Both elementary principals seemed to be under the impression that, if we were in the school buildings, we would collaborate more with our colleagues. However, teachers reported that in the spring, they actually communicated with their colleagues more than ever! We had extremely productive meetings on Zoom and Google Meet, communicated through email and phone apps, and were eager to share resources online. The coaches were consistently impressed by our work ethic and our ability to collaborate virtually.

Collaboration does not need to take place inside a school building for it to be successful. Unfortunately, it is still not safe to meet in groups inside. Even with the utmost precautions, sitting at least 6 feet away and wearing masks, it would be extremely difficult to work productively. Having in-person meetings in the school buildings is an unnecessary risk.

It was also mentioned that teaching from school would benefit the co-teaching model. It would be needlessly unsafe for teachers to work together in the same room in person. It would be especially dangerous for some specialists, such as ESL and Special Education teachers, who work with multiple teachers each day. In the Fall, teachers will be able to effectively co-teach by leading Google Meet classes together, as well as pulling virtual small groups individually.

One of our other concerns about teaching solely from the classroom is the anticipated high rate of absences due to the strict “COVID-19 Employee Self-Certification” mandated by FPS, which will needlessly disrupt routines and learning for our students. A teacher with a cough cannot and should not report to their school building, and would need to call in sick. A substitute teacher would need to be found, and would need access to and knowledge of all virtual platforms used at school. If allowed to teach from home, this would not be a problem. Teacher absences would likely be reduced since many would not call out sick due to a cold, a cough, or many of the mild symptoms that could be COVID related.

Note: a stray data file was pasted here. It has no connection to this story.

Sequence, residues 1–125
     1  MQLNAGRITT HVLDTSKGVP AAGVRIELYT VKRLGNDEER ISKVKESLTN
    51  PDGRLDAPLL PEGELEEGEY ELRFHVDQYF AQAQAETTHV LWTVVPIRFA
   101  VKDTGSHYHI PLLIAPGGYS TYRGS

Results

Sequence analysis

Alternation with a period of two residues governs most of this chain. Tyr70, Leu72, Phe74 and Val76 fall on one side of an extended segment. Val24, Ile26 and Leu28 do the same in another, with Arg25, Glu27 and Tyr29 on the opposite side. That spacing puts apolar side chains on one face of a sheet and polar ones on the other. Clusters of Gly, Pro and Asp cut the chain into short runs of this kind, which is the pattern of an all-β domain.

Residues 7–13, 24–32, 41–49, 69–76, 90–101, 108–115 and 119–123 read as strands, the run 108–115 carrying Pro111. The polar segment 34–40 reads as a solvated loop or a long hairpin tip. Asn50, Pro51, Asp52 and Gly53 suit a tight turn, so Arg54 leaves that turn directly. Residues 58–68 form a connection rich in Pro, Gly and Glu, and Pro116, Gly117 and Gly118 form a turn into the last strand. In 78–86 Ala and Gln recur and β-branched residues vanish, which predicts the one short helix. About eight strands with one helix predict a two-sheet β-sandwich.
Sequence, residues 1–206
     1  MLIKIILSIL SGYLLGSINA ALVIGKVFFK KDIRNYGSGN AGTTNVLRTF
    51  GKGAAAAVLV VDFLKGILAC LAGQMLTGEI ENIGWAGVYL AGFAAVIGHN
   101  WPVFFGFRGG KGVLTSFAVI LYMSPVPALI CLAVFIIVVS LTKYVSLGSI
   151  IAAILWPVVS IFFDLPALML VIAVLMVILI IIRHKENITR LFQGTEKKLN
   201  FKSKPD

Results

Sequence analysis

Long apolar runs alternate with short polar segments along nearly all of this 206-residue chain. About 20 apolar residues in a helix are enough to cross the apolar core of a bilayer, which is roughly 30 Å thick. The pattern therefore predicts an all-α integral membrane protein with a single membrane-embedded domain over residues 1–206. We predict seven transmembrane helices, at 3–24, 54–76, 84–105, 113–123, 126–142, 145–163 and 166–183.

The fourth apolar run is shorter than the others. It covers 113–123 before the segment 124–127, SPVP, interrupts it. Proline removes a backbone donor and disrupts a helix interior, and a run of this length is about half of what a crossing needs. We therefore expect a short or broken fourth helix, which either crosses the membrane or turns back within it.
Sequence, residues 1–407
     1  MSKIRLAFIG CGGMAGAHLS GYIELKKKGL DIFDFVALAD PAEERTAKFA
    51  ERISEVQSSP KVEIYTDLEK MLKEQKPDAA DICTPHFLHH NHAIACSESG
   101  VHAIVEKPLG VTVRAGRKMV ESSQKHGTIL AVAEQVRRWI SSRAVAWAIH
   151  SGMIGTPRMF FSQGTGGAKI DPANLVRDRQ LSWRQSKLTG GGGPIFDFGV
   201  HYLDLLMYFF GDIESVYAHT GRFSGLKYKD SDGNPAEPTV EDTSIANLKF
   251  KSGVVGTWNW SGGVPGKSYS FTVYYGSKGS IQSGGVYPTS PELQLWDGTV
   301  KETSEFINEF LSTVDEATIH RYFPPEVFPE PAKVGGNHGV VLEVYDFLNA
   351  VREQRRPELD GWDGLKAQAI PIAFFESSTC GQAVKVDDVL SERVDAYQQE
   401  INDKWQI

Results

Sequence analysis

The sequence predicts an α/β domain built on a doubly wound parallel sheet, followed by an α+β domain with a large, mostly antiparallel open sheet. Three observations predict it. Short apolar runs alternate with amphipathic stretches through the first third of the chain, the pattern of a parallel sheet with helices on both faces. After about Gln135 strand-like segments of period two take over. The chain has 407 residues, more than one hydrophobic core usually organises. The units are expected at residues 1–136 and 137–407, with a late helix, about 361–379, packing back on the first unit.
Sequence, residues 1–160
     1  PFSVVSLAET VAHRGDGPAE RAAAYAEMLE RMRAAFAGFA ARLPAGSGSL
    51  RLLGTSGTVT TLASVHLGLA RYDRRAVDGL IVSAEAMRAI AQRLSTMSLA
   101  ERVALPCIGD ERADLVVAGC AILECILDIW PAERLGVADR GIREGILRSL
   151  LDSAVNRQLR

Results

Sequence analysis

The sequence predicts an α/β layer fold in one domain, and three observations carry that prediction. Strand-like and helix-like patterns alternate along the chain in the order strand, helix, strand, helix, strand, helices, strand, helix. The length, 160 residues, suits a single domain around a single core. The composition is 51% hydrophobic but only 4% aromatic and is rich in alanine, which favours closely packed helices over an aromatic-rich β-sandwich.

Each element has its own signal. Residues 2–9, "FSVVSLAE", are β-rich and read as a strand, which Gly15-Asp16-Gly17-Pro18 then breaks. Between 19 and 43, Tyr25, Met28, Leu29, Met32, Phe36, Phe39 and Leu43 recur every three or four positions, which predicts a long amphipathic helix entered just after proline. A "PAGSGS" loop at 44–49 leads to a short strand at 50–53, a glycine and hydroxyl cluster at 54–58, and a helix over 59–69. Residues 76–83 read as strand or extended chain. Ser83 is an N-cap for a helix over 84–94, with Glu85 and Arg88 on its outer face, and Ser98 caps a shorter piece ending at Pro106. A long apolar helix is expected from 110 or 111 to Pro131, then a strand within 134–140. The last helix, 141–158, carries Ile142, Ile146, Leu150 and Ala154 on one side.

All FPS teachers want what is best for students and families. Teaching on video from our classrooms as opposed to our homes will not change the remote learning experience for our students, but it could have serious consequences for educators. Moving forward, we implore building administration and central office to work cooperatively with the Framingham Teachers Association and to include teachers in the conversation, especially when our lives are on the line.

Antonella D’Eramo & Luz Ostrosky Barbieri Elementary FTA Building Representatives

Danielle Keinan & Kellie Spencer Brophy Elementary FTA Building Representatives

Kathleen Flaherty & Elaine Picard Dunning Elementary FTA Building Representatives

Ilana Wyner, Sara Machkowsky, & Eileen MacQueen Hemenway Elementary FTA Building Representatives

Kathryn Thomas, Ashley Deschenes, & Tina Miller King Elementary FTA Building Representatives

Diane Durfee & Heidi Schnabel McCarthy Elementary FTA Building Representatives

Heather Camarota Potter Road Elementary FTA Building Representative

Nancy Clougherty, Kelsey Duffy, Emily St. Pierre, & Nicole Nguyen-Le Woodrow Wilson Elementary FTA Building Representatives

editor

email: editor@FraminghamSource.com call or text at 508-315-7176